Pilates And Physical Therapy: A Two-Part Approach

Posted on Posted in Fitness, Let's Get Technical
Pilates and physical therapy. Two separate disciplines with different objectives, right?

In truth, Pilates and Physical Therapy (PT) have much in common – including a history rooted in building strength and maintaining mobility. Although the approaches may differ based on skill sets, pain free function and individual attention are two of many common threads that link the disciplines.

Pain Free Function

Joseph Pilates’ first innovation was attaching springs to hospital beds to help bedridden patients build strength.The most important connection between Pilates and physical therapy: freedom from pain.

For physical therapists, the approach to pain begins with pathology: searching for the structural drivers, both neuromuscular and articular, of a patient’s pain. PTs can then use techniques like manual therapy, strength training and movement re-patterning to help eliminate pain.

Somewhat surprisingly, the practice of Pilates was also born out of a desire to help individuals recover from painful injuries. In fact, Joseph Pilates’ first innovation was attaching springs to hospital beds to help bedridden patients build strength. Still today Pilates maintains a place in the physical rehabilitative community for addressing pain.

Both modalities look to improve alignment, joint articulation and mobility and movement control and fluidity as means to becoming pain free. Because of this major overlap in objectives Pilates acts as an ideal transition out of PT and back into movement and sports.

Individual Attention

Another link between Pilates and physical therapy? They’re built on the idea of a close relationship.

A physical therapist is a licensed medical professional. They diagnose and treat injuries – with the goal of eliminating pain. Of course, this calls for an open and intimate relationship with their patient.

Likewise, Pilates instructors are frequently tasked with developing new movement strategies and approaches based on observing their client’s unique movement patterns which also requires a very individual and personal relationship with their client.

A Path Towards Better Health?

When practiced together, Pilates and physical therapy can truly be the cornerstone of an overall recovery and health plan. With a shared focus on eliminating pain and restoring function through personal attention, the two modalities are not just complimentary but collaborative. When both practitioners are working in collaboration they can more effectively re-educate patients away from movement compensations that may cause a return of pain and dysfunction. We have found at Thrive PT and Mongoose Bodyworks Pilates that an open dialogue between PT and Pilates instructor has guaranteed the success of our patients and clients.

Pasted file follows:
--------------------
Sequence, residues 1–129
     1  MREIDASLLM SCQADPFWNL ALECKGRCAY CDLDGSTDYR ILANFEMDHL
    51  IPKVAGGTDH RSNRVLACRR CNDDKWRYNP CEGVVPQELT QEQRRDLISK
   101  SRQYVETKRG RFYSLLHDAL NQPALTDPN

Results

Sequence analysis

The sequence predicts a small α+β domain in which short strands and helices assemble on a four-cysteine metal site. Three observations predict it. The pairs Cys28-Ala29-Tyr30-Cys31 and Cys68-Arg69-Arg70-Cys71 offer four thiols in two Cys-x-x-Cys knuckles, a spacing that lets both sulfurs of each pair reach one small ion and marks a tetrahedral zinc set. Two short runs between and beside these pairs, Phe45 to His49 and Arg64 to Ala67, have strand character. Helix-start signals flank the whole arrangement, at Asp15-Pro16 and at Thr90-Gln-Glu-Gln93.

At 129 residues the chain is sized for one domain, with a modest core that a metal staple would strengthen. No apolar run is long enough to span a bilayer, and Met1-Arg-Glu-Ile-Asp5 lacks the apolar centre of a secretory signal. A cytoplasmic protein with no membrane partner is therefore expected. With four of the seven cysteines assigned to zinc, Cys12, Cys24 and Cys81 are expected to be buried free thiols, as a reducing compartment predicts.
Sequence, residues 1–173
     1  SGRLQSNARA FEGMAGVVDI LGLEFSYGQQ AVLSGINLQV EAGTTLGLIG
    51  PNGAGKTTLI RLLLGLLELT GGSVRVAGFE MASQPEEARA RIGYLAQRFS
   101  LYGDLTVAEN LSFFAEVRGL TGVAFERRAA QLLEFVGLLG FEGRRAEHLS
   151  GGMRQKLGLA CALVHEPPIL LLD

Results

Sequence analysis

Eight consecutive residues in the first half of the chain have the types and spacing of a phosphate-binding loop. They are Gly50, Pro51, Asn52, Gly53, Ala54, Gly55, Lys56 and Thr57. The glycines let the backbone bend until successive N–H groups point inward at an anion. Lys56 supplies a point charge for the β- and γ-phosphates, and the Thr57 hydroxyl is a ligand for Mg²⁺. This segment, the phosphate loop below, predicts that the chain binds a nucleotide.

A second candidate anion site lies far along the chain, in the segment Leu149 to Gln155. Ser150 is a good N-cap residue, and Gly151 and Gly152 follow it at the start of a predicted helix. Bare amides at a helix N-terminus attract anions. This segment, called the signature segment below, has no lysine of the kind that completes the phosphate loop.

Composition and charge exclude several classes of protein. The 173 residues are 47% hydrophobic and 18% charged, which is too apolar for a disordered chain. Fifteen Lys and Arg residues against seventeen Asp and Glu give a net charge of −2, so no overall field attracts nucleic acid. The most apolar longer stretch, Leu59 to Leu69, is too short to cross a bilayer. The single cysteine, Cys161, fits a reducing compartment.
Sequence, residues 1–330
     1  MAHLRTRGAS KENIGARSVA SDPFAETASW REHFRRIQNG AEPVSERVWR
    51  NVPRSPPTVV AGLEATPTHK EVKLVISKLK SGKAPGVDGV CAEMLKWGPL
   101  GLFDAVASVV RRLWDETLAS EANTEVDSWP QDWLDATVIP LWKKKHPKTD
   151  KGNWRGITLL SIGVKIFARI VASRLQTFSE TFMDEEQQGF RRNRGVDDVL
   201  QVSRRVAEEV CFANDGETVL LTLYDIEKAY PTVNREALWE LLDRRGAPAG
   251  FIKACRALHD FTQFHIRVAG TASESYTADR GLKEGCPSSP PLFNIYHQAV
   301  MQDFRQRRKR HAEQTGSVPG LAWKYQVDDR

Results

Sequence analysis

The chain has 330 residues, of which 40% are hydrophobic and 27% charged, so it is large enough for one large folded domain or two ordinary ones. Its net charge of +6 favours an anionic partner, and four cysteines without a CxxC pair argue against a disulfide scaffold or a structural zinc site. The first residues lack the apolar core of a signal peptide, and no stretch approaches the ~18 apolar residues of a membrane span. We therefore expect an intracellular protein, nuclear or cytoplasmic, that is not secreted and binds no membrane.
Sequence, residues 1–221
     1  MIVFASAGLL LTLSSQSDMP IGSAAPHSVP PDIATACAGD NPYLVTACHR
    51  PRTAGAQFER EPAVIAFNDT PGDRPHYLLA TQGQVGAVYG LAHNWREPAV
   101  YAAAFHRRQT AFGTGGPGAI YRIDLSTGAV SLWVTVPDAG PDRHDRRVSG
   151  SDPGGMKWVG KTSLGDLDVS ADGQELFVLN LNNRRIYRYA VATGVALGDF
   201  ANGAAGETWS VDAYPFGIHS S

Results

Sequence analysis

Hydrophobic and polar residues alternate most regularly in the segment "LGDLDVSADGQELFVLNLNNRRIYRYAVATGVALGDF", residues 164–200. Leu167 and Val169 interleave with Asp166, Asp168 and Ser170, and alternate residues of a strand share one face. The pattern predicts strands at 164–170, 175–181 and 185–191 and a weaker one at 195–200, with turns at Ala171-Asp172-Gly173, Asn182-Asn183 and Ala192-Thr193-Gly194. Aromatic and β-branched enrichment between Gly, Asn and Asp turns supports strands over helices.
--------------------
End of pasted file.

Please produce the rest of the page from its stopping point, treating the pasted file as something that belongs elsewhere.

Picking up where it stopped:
Halle Clarke and Elizabeth Shah of Thrive PT going over Pilates moves on the reformer
Recover And Rebuild With Experts

If you are interested in exploring Pilates or physical therapy, you need guidance from comprehensively trained professionals. Professionals from Mongoose Bodyworks Pilates and Thrive Physical Therapy have been working together over the years to help patients and clients recover and rebuild, even in the wake of an injury. With open atmospheres, and highly qualified staff, there are few better places to begin your recovery or fitness journey. You’ll be able to build strength, increase flexibility, and enjoy a more mobile life.

To get started with a consultation, contact us and Mongoose Bodyworks Pilates.


Diastasis Recti Treatment: Emphasizing an Individualized Approach

Posted on Posted in All Posts, Take Control of Your Health, Women's Health

Hello all!  I’m writing today as a person inspired by new information and am compelled to share with you what I’ve learned.  For those of you familiar with my writing, you’ve seen me post previously on diastasis recti (DRA) and it’s management.   In general, it is an area of great interest for me, helping pre and post partum women (no matter how old their children) recover function, return to activities they love, and feel their best.   Many women, and some men, have been coming to Thrive concerned about the look of their DRA.  As a mom myself, I understand this concern…adjusting to our post baby bodies is effortful and knowing what is in our power to change and how to do it is ambiguous.  As a physical therapist, I look at DRA from another perspective as well: how can we clinicians enable our patients to move with ease, support load through the abdominal wall, and ultimately participate in life fully?  I want for my clients to, without pain, return to activities they love while feeling good about how they look.

Elizabeth D'Annunzio Shah, PT, DTP, MTC, OCS,at course: The Abdominal Wall After Pregnancy & Diastasis Rectus Abdominis
Elizabeth D’Annunzio Shah, PT, DPT, MTC, OCS, and classmates at The Abdominal Wall After Pregnancy & Diastasis Rectus Abdominis.